'Cover up': an exhibition of aprons, overalls, pinafores and smocks, January 16th to February 26th 2009
Before you start to think about spring cleaning make sure you get yourself kitted out with the right things to wear.
Mary Turner-Lewis, collection care assistant at Ceredigion Museum, has been looking at what our ancestors wore to protect their clothes. She has created a display of colourful and interesting protective garments for you to check out before you tackle your own domestic grime.
'Cover up' is an exhibition that takes a fresh lookat the extensive range of men's, women's and children's protective garments such as aprons, overalls, pinafores and smocks. These were used to cover and shield the wearer's clothes whist carrying out a variety of tasks and activities.
Mary, who has worked with the textiles collection at Ceredigion Museum for a number of years says, 'Some later garments became associated with a particular profession, an occupational dress or a uniform, whilst others, such as the woman's apron, mirrored the changing fashions and life style of the wearer. We have some lovely examples on show.'
Mary goes on to describe the history of the overall. 'In recent years, with the advent of throw-away clothes and easy laundering, the protection of clothing has become increasingly less important. Guarding one's clothing from possible harm was very important in the old days and thus the wearing of aprons and overalls was an essential part of everyday costume.'
This exhibition endeavours to show the variety of protective clothing used to cover and protect the wearer's clothes. Some, such as the agricultural workers smock show the skill and development of a craft style that went way beyond the need of the user while the domestic servant's and the nurse's apron have evolved as a badge of office.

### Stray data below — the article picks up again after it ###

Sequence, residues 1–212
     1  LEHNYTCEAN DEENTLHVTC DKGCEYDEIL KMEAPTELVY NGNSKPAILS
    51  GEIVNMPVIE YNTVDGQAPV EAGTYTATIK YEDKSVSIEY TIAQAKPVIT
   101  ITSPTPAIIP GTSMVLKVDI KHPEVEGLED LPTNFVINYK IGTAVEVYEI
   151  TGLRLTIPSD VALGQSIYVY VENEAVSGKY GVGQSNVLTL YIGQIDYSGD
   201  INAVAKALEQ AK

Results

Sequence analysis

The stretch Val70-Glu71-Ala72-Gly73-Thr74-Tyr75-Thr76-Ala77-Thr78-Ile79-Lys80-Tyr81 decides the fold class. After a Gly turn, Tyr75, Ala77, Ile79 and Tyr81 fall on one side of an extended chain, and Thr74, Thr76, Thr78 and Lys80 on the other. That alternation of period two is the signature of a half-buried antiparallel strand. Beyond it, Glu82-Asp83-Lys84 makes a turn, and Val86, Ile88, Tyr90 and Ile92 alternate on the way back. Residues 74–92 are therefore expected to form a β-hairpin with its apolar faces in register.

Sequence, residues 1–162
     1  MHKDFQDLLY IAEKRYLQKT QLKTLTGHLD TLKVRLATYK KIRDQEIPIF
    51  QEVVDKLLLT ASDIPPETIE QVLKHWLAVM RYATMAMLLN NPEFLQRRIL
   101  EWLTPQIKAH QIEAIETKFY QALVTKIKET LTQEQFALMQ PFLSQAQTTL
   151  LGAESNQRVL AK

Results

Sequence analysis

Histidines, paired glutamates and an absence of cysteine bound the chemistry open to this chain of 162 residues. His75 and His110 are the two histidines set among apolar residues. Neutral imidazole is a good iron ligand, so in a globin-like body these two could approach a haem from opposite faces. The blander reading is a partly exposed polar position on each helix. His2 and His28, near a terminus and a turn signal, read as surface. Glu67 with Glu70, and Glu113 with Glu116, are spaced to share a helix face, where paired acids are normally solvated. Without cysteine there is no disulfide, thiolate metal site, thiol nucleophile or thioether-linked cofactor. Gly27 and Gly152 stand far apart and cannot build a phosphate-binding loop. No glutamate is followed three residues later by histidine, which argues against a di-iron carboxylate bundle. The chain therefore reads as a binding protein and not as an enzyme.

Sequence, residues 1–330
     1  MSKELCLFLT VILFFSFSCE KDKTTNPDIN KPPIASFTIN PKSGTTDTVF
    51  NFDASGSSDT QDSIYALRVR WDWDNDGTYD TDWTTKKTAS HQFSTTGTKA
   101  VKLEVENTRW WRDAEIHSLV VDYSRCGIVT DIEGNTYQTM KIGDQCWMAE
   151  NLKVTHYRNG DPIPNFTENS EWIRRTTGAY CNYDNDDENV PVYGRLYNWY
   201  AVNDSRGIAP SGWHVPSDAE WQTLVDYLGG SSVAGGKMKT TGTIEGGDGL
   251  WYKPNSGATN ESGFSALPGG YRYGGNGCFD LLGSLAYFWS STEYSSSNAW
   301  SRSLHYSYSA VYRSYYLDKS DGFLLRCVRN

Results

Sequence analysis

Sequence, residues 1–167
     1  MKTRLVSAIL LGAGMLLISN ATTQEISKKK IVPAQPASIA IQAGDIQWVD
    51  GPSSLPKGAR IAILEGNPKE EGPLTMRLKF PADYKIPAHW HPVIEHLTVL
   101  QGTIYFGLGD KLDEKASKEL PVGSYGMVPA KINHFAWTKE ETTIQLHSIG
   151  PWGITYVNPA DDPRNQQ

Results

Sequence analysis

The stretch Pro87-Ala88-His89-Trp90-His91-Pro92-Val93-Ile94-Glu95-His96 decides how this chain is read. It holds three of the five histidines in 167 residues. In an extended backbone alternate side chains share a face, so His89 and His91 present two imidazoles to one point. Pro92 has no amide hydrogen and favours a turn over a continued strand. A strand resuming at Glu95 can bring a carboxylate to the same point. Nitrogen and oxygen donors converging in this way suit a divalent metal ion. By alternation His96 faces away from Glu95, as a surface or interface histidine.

The exhibition is on show for a month and Mary was pleased that a number of volunteers have helped her to put this display together, ' We are very lucky to have a group of local people who volunteer at the museum. I don't know what I would do with out them. '
She goes on to say, 'We have a fabulous selection of bright colourful aprons from the 1950s illustrating the climate of optimism that followed the Second World War. There are also some beautiful black embroidered 'best wear' aprons from the 19th and early 20th century.'
This exhibition is the first of its kind and it is rare to see so many examples on show together. Mary has chosen to include a few examples of aprons from Friendly societies and their costume. 'Here is an opportunity to view some of the museum's collection of Masonic and Friendly Society ceremonial aprons. They are intriguing and very decorative.'
For more information about 'Cover Up' contact Ceredigion Museum, phone 01970 633088